Bor­row­ing ca­pac­ity to come un­der scru­tiny

Kalgoorlie Miner - - BUSINESS - Jeff Whal­ley

Aus­tralia could face a full-blown credit crunch if the bank­ing royal com­mis­sion calls for sweep­ing improvements to banks’ lend­ing stan­dards, in­dus­try ex­perts say.

An­a­lysts at in­vest­ment bank UBS say the bank­ing sec­tor is fac­ing a pe­riod of “sus­tained earn­ings pres­sure” as house prices fall and af­ter the fall­out from the royal com­mis­sion.

Hear­ings for the year-long in­quiry fin­ished last week and the in­dus­try now awaits com­mis­sioner Kenneth Hayne’s fi­nal re­port, due by Fe­bru­ary 1.

UBS bank­ing an­a­lysts, led by Jonathan Mott, say the fi­nal re­port may rec­om­mend that re­tail banks be banned from us­ing de­mo­graphic bench­marks as the key yard­stick to ap­prove home loans.

To save on costs, Aus­tralia’s banks have been widely us­ing a con­tro­ver­sial benchmark known as the house­hold ex­pen­di­ture mea­sure, or HEM, to ap­prove loans.

Un­der that sys­tem, banks as­sess mort­gage ap­pli­ca­tions based on broad de­mo­graphic in­for­ma­tion — such as typ­i­cal in­comes in the sub­urb of the prop­erty be­ing pur­chased — rather than as­sess­ing each bor­rower’s spe­cific fi­nan­cial cir­cum­stances.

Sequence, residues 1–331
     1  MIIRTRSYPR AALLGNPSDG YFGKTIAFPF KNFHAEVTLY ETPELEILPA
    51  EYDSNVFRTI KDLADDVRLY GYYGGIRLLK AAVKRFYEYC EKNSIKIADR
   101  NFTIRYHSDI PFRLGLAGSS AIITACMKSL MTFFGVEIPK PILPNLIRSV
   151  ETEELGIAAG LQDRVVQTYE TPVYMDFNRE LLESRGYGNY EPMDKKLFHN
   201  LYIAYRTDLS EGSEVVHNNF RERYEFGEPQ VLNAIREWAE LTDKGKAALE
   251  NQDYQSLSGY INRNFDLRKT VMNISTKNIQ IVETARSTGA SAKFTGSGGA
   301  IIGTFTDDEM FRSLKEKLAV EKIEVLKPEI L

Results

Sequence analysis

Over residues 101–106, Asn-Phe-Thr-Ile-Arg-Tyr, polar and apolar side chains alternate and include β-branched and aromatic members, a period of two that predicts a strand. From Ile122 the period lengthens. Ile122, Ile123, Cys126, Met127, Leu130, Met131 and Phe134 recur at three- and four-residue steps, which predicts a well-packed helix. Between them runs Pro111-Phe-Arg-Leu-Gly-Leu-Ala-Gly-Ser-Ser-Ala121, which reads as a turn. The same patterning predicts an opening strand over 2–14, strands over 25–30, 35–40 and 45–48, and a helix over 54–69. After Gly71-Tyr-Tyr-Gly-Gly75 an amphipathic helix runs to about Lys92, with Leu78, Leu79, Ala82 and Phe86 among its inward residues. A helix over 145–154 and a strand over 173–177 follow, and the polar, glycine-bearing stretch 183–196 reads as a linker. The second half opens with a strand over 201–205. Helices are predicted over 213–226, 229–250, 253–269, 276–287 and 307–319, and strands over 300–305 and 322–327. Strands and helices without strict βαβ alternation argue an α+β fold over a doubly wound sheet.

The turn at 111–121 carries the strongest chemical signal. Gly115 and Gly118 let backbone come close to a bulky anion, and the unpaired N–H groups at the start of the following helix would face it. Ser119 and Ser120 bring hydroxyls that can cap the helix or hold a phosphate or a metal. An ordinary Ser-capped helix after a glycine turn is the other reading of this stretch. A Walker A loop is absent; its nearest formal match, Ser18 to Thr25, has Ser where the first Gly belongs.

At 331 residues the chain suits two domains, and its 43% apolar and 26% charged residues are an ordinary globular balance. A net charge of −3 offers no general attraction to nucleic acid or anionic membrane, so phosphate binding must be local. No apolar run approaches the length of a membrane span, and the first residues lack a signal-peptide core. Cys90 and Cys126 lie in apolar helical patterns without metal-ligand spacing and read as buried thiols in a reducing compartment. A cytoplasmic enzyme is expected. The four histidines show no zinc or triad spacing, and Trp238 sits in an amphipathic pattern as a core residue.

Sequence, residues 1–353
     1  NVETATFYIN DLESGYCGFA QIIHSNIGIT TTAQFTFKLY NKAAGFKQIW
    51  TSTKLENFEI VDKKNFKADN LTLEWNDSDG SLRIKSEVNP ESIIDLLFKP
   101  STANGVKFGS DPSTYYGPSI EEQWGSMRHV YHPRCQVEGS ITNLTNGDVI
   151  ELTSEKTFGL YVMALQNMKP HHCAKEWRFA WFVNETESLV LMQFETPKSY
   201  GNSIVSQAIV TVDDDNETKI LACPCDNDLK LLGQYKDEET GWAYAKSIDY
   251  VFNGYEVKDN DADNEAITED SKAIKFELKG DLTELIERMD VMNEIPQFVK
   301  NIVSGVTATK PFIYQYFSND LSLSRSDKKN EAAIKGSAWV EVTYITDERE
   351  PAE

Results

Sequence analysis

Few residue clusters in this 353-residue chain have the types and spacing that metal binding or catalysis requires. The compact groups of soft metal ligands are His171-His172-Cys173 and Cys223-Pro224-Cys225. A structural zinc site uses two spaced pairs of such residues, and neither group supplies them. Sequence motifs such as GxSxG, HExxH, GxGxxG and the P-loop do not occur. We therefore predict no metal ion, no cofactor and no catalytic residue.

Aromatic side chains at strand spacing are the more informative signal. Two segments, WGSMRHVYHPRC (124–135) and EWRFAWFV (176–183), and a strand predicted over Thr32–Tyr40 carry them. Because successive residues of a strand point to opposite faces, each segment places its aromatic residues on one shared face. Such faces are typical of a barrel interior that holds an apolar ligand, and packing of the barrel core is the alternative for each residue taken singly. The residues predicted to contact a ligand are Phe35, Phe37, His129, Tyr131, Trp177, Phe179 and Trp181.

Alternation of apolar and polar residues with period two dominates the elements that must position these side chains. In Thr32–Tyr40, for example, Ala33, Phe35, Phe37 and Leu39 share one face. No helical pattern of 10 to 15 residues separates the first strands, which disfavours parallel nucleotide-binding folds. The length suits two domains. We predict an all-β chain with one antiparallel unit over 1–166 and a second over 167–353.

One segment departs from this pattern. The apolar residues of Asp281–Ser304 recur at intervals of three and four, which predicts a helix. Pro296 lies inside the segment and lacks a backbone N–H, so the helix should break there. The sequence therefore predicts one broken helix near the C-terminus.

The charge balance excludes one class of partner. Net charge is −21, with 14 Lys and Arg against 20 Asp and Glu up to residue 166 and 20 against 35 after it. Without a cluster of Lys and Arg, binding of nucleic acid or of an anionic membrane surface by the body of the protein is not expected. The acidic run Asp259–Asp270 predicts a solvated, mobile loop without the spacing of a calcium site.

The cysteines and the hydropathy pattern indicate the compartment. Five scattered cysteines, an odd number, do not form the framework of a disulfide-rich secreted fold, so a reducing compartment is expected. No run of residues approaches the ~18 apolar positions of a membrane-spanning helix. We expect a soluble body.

UBS an­a­lysts said Mr Hayne was likely to rec­om­mend the use of the benchmark be lim­ited or banned.

They noted that, in his in­terim re­port re­leased in Septem­ber, Mr Hayne said that the benchmark, used as a de­fault mea­sure of house­hold ex­pen­di­ture, “does not con­sti­tute any ver­i­fi­ca­tion of a bor­rower’s ex­pen­di­ture”.

The royal com­mis­sion heard that 50 to 60 per cent of mort­gages were cur­rently ap­proved us­ing the HEM.

If the use of the HEM was lim­ited or banned, it would likely lead to a fur­ther re­duc­tion in the max­i­mum bor­row­ing ca­pac­ity for many con­sumers, UBS said.

“This is likely to fur­ther re­strict the flow of hous­ing lend­ing and credit growth,” Mr Mott said.

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